by Nanci Hellmich
You may have worked hard for a golden credit score, but it can get tarnished in unexpected ways. Financial experts have seen this happen to clients across the country.
Trae Cole, a CAPTRUST financial advisor in Raleigh, North Carolina, has a client whose divorced mother ended up deeply in debt after her husband spent a lot of money at the end of their marriage. She was 70 years old and retired, and she needed to go back to work to restore her credit score so she could rent or buy a home. She consulted with a credit counselor to figure out how to do it.
Once your credit is blemished, you have to work hard to get it back, Cole says. Even if you pay off your debt, it takes time for those negative items to come off the credit report.
James Valmonte, a CAPTRUST financial advisor in Riverside, California, has a few clients who co-signed loans with adult children or other family members. When the other parties failed to fulfill their obligations, his clients’ credit scores dropped. They ended up making payments or paying off the loans, while also resolving their own credit issues. “Credit scores matter,” says Valmonte, “and can impact many aspects of clients’ financial lives.”
Everybody should care about their credit report and their credit score, says Bruce McClary, a spokesman for the nonprofit National Foundation for Credit Counseling. But only about a third of people reviewed both their credit reports and credit scores during the past year, according to a 2015 survey of 2,017 adults conducted for the counseling group. Among those who got their credit scores, about a third did so as part of managing their personal finances; a third did it out of curiosity, and a fourth did so because they were considering a major purchase, or apartment rental, or were applying for credit or insurance.
McClary advises people to go to AnnualCreditReport.com to get a free copy of their credit reports from each of the credit reporting companies: Equifax, Experian, and TransUnion. You can get them every 12 months or stagger them, and you should immediately dispute any errors you find with the appropriate credit agency, he says.
Checking your credit reports regularly can help you catch problems that need your immediate attention, such as identity theft, credit fraud, or credit card accounts that you thought were closed but actually weren’t, McClary says. “If someone hijacked a credit card account that you thought you had closed, he or she could have a field day using that account and charging it up to the max without you even knowing it. This kind of activity would be like a boat anchor bringing your credit score down to the basement.”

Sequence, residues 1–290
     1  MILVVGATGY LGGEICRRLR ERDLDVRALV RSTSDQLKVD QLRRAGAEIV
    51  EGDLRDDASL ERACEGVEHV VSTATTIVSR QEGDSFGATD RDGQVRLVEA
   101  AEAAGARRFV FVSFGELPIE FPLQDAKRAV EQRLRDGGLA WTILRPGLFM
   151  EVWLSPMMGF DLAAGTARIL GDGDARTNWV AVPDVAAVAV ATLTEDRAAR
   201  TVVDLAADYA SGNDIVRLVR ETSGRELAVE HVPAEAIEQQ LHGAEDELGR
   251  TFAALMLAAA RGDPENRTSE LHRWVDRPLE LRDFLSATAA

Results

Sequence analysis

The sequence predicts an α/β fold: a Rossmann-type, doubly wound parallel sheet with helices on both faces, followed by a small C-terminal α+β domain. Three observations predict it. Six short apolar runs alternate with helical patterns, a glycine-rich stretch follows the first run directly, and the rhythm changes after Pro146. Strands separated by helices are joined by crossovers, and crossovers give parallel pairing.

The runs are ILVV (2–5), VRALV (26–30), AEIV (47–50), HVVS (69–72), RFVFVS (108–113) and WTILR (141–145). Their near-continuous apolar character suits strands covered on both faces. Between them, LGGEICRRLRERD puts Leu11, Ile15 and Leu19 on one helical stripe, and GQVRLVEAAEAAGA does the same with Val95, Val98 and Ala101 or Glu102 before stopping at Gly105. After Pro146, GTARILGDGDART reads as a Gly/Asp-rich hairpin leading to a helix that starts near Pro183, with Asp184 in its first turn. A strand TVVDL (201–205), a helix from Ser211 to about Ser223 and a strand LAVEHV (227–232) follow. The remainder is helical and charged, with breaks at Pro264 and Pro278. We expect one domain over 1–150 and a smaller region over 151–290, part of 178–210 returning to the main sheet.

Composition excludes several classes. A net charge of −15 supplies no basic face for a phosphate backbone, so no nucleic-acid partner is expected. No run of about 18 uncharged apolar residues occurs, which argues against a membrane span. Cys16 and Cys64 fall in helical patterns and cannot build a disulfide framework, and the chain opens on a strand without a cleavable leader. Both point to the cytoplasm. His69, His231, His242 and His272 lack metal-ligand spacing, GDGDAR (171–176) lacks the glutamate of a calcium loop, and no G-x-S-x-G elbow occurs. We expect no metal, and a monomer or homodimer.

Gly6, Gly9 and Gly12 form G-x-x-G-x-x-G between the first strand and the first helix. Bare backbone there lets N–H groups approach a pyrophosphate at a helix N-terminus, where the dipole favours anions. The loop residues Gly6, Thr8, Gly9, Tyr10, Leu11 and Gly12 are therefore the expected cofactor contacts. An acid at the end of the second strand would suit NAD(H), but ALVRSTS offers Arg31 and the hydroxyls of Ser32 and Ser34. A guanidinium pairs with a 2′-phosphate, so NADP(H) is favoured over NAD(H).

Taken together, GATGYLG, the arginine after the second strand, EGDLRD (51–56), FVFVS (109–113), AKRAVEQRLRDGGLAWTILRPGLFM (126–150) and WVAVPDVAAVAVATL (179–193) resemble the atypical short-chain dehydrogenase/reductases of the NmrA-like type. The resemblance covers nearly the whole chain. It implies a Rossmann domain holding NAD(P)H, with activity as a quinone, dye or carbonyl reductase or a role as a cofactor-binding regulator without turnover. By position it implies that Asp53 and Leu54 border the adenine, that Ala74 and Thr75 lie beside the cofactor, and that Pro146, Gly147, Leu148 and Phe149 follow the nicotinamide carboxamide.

Staying on Top of Your Credit Report
There are plenty of reasons to make sure you have a good record. Mortgage companies, banks, credit card issuers, auto lenders, credit unions, and finance companies look into your credit reports when you apply for loans and other credit. They are trying to determine if you qualify for a loan, how much you can borrow, and an appropriate interest rate. Potential lenders and others want to know how you manage your financial responsibilities to those you owe money, McClary says. The reports and scores help them make a risk assessment if they are considering extending you a line of credit. An affordable interest rate is something everyone should strive for, he says: “Even if you get a loan and plan to power-pay the heck out of it, if there is a period of time where you had to drop back and rely on the minimum payments, that low interest rate is going to make a difference.”
Access to your credit report isn’t limited to creditors. There are others who have an interest in what’s reported, including rental property management, debt collectors, insurance providers, and even potential employers.
The information in the credit report determines your credit score. Agencies charge a fee for their credit scores, but there are ways to get your credit scores for free. In fact, many credit card companies offer free access to your credit scores as a benefit. In some cases, they will provide it to you on your monthly billing statement, McClary says.
The commonly used FICO Scores, created by the Fair Isaac Corporation, range from 300 to 850. Exactly how FICO and others, such as VantageScore, calculate credit scores is proprietary information, McClary says. The folks who do this don’t want to make their math public. That’s giving away the secret sauce.
But, for consumers, the bottom line is this: The higher your credit score, the more likely it is that you’ll get the best rates for mortgages, car loans, and credit cards, he says.
Recovering From Credit Issues